CM: Are people still creating videos?

KM: Yes. At the moment COVID [began], we challenged ourselves to say, how do we do our part, what can we do as a beauty company to get people to social distance in a way that’s playful and fun and bring a little bit of levity to it? So, we redirected the song “Eyes Lip Face” as “Eyes Lips Face Safe,” which took that original song, this asset we have as a company, and quickly transformed it into a message around social distancing. At that point we had a over four and a half billion views on the hashtag #eyeslipsface. After Eyes Lips Face Safe, we saw a huge surge once again. And now we’re at over 5.3 billion.

CM: You have two official TikTok accounts, one for e.l.f. Cosmetics and @elfyeah. What’s the difference?

KM: A big question within our organization is what to do with the original account. As you can see, it’s low in followers and also content—which is part of the reason why it’s low. Once we had the runaway viral success of the #eyeslipsface challenge, …. we’ve had a number of products go viral on the platform. The Poreless Putty Primer, for example, our lip exfoliator, our bite-sized shadows. We decided that we wanted to take a different approach to a channel that would be more in tune with what we were seeing, how people are engaging with our brand. So, we created the @elfyeah channel as a test-and-learn place for content development, to see what’s going to burn eyeballs, what isn’t, to really play and learn. Now, we’re trying to figure out what makes sense for us with the original, because we want to make sure we can still own our branding.

CM: So, you created a test-and-learn account and that ended up really taking off. That says something about experimentation and taking risks on the platform.

KM: 100,000 percent. And this was true to our core mission. Our heritage is we have a very high-risk tolerance. We are a brand that’s built on the impossible and experimentation is our middle name. You have brands that have success on the platform and then you have lots of other brands that are not even on the platform yet because they don’t have that experimentation mentality. TikTok is a place where you can’t overthink it. You can’t overproduce, you can’t over strategize, you can’t draw plans six months in advance. It’s so in the moment that if you try to apply your Instagram strategy to TikTok, that strategy will be long gone before you even get to the platform.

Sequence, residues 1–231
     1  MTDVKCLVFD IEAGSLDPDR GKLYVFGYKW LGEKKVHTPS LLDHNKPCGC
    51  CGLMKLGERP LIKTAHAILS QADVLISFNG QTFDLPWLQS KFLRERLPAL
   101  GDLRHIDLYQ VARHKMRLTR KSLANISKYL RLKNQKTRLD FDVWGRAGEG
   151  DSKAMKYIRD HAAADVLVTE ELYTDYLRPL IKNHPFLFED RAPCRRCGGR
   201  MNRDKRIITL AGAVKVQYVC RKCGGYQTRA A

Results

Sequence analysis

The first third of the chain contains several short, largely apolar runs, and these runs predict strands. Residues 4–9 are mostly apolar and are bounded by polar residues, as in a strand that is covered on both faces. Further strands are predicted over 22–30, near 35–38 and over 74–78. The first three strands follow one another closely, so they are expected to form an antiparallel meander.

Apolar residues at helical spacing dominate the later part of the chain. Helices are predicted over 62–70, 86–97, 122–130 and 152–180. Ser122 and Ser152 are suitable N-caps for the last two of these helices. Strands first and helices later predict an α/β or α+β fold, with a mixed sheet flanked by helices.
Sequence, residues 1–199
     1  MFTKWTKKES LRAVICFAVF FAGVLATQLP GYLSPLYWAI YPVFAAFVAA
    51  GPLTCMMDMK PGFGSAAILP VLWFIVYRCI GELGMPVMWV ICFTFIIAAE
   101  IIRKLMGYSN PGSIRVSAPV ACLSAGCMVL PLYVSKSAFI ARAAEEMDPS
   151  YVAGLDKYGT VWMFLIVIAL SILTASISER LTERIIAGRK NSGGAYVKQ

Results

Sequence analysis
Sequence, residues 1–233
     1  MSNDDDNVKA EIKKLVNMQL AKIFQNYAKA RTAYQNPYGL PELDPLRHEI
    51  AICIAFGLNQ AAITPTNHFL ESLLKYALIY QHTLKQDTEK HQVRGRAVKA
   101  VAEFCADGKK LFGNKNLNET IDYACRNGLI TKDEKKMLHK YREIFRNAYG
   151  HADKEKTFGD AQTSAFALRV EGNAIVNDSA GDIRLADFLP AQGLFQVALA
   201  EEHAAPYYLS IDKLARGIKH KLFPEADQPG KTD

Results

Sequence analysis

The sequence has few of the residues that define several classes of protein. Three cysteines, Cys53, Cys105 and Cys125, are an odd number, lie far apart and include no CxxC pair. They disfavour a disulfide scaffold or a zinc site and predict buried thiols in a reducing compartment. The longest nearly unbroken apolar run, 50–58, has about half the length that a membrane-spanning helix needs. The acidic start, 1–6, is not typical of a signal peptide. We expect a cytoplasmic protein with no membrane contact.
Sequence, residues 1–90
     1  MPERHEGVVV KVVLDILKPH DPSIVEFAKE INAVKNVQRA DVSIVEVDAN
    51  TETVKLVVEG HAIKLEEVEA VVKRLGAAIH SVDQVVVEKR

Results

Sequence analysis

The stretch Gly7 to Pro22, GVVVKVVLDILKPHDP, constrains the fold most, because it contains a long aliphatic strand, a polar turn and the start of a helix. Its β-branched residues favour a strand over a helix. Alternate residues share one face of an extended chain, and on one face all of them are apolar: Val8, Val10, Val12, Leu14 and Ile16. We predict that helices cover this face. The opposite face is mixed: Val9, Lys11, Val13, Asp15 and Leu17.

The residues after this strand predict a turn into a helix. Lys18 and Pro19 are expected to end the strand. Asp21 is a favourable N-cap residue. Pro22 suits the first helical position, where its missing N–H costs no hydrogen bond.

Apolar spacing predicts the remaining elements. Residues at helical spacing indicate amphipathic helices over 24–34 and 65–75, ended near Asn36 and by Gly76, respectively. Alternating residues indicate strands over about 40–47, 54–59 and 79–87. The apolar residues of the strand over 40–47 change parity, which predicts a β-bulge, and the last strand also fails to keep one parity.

It’s also a place where people are going to have fun. The first question you want to ask yourself is, does this platform makes sense for my brand? We had already ticked that box. It’s also authentic to e.l.f., we lean into emerging platforms, our audience is there, so all these boxes were easy to tick. The harder question is, how do I get onto the platform in a way that makes sense. That’s the most critical component: not having preconceived notions, wiping the slate clean, not over thinking it and putting a plan together that’s truly built around what people are doing on the platform.

CM: Talk a little bit about the importance of music to reaching the Gen Z demo.

KM: Music is so much aligned with beauty. It’s all about a means of expression and that’s what our brand is. And when you can take music and the self expression that comes with it, and beauty and the self expression that comes with it, and put those two together, it creates a magical cocktail. It’s become tremendously important to our brand. As a CMO, one of the happiest moments in my career was seeing all these people running around singing our song, Eyes Lips Face. It’s an amazing bridge between the ability to express different facets of ourselves.

CM: e.l.f. recently beat earnings estimates. What was marketing’s role in that?

KM: Different facets of the brand work together in harmony to create above-average performance or beat expectations. Those different pieces are what we call our five strategic imperatives. The most important part is that they all work together, rowing in the boat in the same direction. When you take one piece out, you’re not going to be able to go as far in the boat. The first one is driving brand demand. That’s where the TikTok campaigns sit and how we work with different communities and influencers—all the efforts that we do to get more eyeballs, get more advocacy, bring in new consumers.

We also have our digital efforts, which is huge. Our third imperative is around innovation and bringing our first-to-mass Holy Grails. Our fourth is around productivity within our national retailers. And our fifth, and some would argue the most important, is cost savings—efficiency across the board to give us money for branding and marketing initiatives. So, marketing definitely plays a huge role in addition to the other facets.

CM: What trends should marketers eye this year? What’s critical right now?

KM: What’s always the most critical thing for marketers—and if you’d asked me this 22 years ago when I started or today, my answer would be the same—is understanding your consumer intimately. Know where they are, where they’re spending their time, what they’re spending their time on, what their true feelings are and ensure that you’re building your strategies on the backbone of consumer insights.

The second thing is marrying that with authenticity. Know who you are and know what your superpowers are, and if you need to augment those superpowers then augment those superpowers. I think that’s always the most critical to any success. Consumers are blurring the lines all over the place. You used to have very clean lines between color cosmetics, skincare, wellness. We just did launched a CBD line, which is blurring of the lines between skincare and wellness. So, our CBD skincare collection is certainly an answer to that call. I think we’re going to continue to see barriers break down and lines blurred with consumer behavior and products.



Related Posts

Chief Marketer Videos

by Chief Marketer Staff

In our latest Marketers on Fire LinkedIn Live, Anywhere Real Estate CMO Esther-Mireya Tejeda discusses consumer targeting strategies, the evolution of the CMO role and advice for aspiring C-suite marketers.


Call for entries now open